My wife and I have a seven-hundred square foot apartment in which, among other things, we have more books than a reasonably stocked independent bookstore. We’ve also got about all of the computer and audio-visual equipment that we can use (and some we still haven’t used). At this point, we can’t bring anything into our apartment without first removing something else. For the last couple of years, we’ve been trying to convince anyone who might be inclined to do so not to give us tangible gifts of any kind, and we’ve pretty much stopped giving each other gifts.

For our anniversary this past summer, in lieu of a gift, I made a donation in my wife’s name through Donors Choose. The donation was to buy books, journals, and markers for a second grade class at P.S. 11 to keep journals during this school year. Since my wife was herself a dedicated journal writer as a child not far from there, I thought that would be fitting. She was touched at the time, and then we pretty much forgot about it.

When I got home from work last night, I found my wife sitting on the couch in tears, holding a pile of papers. The papers were thank you notes from all of the students in that class at P.S. 11, each personal and all ardent in their declarations of their love for my wife. One even declared that this would allow her to be an author. Seeing this, I was struck by two things.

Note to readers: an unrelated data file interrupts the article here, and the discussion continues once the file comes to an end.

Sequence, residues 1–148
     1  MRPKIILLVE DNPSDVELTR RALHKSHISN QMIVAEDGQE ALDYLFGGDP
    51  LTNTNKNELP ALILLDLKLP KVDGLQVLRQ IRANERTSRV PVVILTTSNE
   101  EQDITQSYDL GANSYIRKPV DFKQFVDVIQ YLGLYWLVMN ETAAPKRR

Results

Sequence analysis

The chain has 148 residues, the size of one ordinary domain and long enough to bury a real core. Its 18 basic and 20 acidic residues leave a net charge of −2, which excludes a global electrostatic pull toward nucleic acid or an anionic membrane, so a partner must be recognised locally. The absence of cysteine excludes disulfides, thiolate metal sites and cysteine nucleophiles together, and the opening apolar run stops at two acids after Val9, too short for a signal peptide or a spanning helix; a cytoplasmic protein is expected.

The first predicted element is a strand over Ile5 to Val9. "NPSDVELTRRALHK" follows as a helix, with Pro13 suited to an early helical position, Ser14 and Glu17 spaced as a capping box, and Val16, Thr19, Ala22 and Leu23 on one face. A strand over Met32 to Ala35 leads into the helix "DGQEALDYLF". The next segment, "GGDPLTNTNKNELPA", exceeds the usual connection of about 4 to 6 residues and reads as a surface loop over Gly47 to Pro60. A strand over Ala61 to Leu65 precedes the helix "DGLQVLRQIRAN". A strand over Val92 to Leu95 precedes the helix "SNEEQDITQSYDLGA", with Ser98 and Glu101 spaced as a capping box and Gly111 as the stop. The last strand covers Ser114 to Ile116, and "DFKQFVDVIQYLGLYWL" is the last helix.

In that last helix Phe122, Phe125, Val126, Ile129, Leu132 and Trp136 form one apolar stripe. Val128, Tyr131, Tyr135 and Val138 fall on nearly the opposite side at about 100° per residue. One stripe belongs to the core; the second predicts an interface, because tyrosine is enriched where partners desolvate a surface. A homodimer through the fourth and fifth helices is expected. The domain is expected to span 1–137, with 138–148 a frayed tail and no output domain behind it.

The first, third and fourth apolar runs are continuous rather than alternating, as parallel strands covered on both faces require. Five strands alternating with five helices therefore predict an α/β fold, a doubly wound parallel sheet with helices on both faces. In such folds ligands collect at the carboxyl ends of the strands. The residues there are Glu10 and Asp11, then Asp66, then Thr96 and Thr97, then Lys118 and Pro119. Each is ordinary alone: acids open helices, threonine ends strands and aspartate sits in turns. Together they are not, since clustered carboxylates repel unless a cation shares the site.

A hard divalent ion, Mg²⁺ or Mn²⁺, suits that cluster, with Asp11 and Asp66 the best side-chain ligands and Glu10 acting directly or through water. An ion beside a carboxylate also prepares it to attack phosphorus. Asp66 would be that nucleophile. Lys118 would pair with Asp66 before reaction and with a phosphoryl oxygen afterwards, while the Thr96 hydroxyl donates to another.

First and foremost, I was deeply moved. Seeing such genuine appreciation from these kids that someone actually cared about them, it was impossible not to be. And I think that response is a result of the best aspect of Donors Choose’s approach, which is to allow the teachers themselves to define the projects to be funded as opposed to having the projects defined by funders, who likely have no idea of what’s actually needed, meaning that their efforts are more likely to be informed by guilt and ideology than anything else. In Dark Star Safari, Paul Theroux makes a compelling case that such a dynamic has led to charity and other aid efforts in Africa actually making conditions there worse.

But it also occurred to me that most elementary school students in this country don’t have to write thank you notes for their school supplies, and that’s probably the way it should be. That some do is why I found this so depressing yesterday. And I think this gets at something about Donors Choose’s approach that makes me a little uncomfortable, which is that the projects that the teachers define then have to compete against each other for donations, with these notes from deprived innocents as the enticement. I have this image in my mind of a geography teacher not being able to get new maps and globes for her class because its not an alluring enough project to potential donors.

6 Replies to “Charity”